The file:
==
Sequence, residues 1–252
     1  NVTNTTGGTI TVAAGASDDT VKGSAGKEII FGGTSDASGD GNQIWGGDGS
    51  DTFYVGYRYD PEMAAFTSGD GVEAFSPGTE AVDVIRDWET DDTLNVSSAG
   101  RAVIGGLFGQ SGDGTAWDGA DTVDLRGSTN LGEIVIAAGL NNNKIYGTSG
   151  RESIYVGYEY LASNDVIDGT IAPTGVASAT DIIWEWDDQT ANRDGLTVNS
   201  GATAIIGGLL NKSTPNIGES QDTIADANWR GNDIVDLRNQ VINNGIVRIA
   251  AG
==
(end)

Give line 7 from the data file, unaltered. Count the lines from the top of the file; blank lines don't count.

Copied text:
   251  AG